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Velázquez Announces New Home Health Care Bill to Benefit Seniors and Residents

By Eileen Elliott

June 2008

Representative Nydia Velázquez held a press conference at the New York City Housing Authority’s (NYCHA’s) Lower East Side 1 in Manhattan on the morning of May 12th to announce new legislation that would benefit NYCHA’s resident and seniors. 

If passed, the “Home Health Services Job Training and Caregiving Act of 2008” will create a three-year federal pilot training program, providing $2.5 million from the U.S. Department of Housing and Urban Development (HUD) for public housing residents to receive training from State-certified organizations. The newly trained aides would then be matched with elderly or disabled public housing residents who are Medicaid eligible. “By 2030, the last of the baby boomers will be at least 65 years old,” the Congress Member told the seniors and community based supporters gathered in the Community Center. “That will be a challenge for us. With seniors making up one-third of our residents adequate health care must be in place.” Noting that home health care costs less than half that of institutionalized care, the Congress Member promised, “We are going show the administration this is a smart thing to do.”

Congress Member Velázquez went on to say that the benefits of the bill are twofold: it will create job opportunities for public housing residents and it will provide much needed services for NYCHA’s senior population. “Our parents and grandparents deserve to stay in their homes as long as it is safe for them to do so,” Ms. Velázquez said.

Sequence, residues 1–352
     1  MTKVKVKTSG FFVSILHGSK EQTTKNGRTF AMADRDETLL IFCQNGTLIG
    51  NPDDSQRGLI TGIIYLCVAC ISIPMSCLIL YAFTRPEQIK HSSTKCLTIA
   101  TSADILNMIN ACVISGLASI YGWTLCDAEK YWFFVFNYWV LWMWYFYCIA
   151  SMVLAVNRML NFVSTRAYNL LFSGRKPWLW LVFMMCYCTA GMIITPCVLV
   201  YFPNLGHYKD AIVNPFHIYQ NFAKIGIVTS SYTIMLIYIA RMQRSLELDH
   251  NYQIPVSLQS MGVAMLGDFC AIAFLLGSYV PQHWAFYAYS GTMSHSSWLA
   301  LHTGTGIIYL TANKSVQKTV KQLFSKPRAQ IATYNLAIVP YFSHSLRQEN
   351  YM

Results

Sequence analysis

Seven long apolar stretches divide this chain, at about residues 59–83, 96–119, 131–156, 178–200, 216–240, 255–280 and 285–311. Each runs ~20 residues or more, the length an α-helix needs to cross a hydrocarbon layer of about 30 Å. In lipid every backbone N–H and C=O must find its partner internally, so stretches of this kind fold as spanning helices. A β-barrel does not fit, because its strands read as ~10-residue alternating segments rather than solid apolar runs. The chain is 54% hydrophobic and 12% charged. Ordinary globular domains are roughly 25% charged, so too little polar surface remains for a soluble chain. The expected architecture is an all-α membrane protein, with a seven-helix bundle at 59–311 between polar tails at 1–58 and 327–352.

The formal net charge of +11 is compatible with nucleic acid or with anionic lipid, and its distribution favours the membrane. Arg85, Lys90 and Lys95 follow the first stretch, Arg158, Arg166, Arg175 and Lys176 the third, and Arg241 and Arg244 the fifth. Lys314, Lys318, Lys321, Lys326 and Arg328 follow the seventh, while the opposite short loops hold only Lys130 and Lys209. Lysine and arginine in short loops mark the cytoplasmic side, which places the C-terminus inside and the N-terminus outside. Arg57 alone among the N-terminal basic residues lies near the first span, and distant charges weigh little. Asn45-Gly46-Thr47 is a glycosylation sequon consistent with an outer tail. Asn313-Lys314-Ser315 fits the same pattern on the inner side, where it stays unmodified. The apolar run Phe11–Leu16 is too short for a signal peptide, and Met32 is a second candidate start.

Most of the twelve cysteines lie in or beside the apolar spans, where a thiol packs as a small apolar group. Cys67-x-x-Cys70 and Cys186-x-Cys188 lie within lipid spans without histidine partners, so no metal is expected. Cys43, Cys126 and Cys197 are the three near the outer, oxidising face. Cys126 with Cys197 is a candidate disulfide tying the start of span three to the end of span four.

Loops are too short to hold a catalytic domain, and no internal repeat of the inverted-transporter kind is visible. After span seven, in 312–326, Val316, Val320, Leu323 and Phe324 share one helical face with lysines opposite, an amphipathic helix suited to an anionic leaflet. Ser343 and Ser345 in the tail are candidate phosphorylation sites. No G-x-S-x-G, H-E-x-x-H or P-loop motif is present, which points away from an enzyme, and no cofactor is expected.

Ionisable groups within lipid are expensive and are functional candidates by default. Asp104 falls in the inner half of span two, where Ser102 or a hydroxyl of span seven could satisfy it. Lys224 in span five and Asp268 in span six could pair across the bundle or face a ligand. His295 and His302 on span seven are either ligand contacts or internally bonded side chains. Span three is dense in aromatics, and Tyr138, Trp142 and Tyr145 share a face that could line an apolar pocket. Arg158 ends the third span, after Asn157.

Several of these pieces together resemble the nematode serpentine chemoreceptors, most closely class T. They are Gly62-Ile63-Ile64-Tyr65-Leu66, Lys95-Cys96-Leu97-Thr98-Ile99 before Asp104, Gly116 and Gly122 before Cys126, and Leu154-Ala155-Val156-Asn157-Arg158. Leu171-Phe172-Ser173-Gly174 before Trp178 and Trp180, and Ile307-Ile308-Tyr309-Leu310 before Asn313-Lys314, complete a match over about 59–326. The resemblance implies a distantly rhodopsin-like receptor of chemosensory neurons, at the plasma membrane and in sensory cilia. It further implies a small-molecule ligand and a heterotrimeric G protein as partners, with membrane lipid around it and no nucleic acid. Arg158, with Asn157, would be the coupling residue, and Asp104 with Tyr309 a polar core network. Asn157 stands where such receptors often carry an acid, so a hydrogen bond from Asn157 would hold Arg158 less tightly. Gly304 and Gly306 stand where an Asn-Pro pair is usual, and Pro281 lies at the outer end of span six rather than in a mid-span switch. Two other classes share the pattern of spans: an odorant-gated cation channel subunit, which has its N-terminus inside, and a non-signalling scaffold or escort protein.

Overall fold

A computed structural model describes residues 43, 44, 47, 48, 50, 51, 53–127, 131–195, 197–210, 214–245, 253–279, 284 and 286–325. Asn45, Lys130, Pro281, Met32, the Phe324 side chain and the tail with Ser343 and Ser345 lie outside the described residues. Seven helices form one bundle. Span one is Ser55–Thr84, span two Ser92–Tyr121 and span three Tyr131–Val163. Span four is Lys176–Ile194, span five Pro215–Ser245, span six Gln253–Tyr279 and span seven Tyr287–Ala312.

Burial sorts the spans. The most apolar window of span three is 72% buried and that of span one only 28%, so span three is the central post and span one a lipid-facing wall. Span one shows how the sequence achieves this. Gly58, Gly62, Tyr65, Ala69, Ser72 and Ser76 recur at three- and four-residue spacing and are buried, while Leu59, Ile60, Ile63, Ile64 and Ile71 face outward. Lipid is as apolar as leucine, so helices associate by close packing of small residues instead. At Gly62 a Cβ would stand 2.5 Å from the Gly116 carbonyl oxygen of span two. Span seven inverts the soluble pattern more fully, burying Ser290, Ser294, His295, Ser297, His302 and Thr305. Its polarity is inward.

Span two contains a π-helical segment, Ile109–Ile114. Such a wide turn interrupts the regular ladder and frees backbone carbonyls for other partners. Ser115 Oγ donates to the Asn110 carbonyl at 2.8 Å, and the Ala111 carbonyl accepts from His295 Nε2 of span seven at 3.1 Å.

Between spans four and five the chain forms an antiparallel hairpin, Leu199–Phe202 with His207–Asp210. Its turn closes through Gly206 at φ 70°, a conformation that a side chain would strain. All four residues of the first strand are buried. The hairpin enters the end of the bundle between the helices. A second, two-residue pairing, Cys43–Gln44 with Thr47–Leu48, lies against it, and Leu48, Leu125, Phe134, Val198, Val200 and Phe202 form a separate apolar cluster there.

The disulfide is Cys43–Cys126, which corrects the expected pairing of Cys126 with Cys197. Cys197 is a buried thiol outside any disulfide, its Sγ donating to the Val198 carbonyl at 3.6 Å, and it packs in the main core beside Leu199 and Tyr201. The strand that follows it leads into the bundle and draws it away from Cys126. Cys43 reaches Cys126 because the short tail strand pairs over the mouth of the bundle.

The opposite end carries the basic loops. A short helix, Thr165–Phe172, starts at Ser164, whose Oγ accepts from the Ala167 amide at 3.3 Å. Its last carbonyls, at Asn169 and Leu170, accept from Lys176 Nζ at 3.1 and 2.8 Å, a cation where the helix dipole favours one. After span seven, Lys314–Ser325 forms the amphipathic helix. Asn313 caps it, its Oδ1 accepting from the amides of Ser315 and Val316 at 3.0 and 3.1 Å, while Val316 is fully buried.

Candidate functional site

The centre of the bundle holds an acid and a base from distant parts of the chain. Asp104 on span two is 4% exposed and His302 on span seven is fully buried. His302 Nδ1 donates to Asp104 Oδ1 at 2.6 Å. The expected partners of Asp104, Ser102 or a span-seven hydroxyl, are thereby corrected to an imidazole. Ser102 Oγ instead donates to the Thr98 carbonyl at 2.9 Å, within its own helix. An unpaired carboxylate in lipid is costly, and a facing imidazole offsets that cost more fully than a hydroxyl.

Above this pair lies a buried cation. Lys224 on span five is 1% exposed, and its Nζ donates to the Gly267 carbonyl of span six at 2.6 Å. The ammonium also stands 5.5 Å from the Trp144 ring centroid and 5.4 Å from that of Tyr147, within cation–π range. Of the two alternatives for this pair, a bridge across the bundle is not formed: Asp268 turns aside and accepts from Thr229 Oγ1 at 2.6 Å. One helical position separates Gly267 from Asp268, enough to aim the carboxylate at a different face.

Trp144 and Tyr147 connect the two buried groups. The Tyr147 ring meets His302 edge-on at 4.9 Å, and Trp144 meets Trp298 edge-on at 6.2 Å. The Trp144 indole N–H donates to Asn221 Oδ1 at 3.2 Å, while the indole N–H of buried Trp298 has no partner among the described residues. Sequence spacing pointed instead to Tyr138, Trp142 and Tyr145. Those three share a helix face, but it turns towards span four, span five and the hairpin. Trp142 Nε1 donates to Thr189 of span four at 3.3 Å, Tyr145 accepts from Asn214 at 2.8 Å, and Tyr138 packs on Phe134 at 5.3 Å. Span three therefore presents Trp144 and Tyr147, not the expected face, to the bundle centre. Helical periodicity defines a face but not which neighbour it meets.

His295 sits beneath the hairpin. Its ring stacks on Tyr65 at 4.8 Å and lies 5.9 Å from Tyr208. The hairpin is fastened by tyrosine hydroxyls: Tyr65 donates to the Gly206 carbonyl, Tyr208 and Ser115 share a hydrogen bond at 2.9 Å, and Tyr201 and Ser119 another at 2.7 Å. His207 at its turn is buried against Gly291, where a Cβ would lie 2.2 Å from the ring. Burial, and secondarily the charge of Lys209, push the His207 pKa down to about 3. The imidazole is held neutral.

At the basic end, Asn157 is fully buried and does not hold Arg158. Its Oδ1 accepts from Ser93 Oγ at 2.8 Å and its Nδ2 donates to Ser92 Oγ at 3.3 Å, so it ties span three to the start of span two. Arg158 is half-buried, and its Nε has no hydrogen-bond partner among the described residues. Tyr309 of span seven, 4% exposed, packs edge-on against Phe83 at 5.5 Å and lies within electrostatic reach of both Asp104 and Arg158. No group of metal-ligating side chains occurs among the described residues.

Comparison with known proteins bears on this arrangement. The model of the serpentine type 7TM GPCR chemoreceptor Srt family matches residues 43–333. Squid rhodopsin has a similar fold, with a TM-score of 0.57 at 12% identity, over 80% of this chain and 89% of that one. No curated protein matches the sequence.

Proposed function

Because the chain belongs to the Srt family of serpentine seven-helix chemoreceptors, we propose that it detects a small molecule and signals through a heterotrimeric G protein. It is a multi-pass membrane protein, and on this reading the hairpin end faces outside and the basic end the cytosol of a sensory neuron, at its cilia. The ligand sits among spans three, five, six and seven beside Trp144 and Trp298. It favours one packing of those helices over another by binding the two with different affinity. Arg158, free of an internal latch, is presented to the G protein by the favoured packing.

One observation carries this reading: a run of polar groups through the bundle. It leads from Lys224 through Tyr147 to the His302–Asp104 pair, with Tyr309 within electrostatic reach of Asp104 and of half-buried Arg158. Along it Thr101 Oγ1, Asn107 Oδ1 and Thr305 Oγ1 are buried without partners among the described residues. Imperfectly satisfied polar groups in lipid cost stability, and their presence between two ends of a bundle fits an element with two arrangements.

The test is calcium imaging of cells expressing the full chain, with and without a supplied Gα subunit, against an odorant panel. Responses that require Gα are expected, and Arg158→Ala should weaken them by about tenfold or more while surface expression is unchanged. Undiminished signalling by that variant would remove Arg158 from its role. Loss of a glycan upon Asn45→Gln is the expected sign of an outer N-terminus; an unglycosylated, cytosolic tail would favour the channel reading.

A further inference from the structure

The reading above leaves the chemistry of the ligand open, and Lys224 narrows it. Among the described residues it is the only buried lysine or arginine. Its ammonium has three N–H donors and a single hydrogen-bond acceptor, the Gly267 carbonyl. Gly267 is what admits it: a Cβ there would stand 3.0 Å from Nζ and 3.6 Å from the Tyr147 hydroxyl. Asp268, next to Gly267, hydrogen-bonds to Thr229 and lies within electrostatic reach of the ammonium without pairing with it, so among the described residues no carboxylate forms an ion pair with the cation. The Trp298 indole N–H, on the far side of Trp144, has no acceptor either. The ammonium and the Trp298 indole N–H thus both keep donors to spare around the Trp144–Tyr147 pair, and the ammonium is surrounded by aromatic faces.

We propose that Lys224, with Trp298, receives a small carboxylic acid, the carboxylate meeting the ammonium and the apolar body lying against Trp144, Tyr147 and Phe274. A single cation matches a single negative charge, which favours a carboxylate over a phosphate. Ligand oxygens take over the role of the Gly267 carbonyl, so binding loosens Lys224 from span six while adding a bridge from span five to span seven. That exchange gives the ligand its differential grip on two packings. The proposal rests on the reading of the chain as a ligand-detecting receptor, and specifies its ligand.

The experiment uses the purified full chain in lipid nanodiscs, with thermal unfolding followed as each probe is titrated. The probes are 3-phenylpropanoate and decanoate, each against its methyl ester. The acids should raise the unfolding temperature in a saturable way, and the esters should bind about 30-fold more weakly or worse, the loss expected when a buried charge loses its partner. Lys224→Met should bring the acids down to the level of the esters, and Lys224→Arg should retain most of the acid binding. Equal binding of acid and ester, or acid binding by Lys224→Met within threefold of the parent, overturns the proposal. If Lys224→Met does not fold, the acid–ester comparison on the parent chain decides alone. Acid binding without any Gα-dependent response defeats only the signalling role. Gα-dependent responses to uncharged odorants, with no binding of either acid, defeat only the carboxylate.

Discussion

Service Employees International Union (SEIU) Healthcare Chairman Dennis Rivera committed the support of his organization’s 1.9 million members and emphasized that the legislation would benefit senior public housing residents nationwide, not just in New York City. “All studies show that seniors would rather be home than in an institutional setting,” Mr. Rivera said.

A high percentage of public housing residents across the country are seniors: according to the U.S. Department of Housing and Urban Development—35% in Chicago, 33%in Boston and 40% in Los Angeles. In New York City, 34.5% of NYCHA’s households are headed by a senior aged 62 or older.

This program is a win-win for everyone,” said NYCHA Vice-Chairman Earl Andrews, Jr. And what are the next steps for the bill?

“The first thing is to get this pilot program legislation passed at the Federal level,” said the Congress Member. “Then it can “be replicated.”

LES I, a seniors-only facility, completed in 1988, is home to over 390 residents.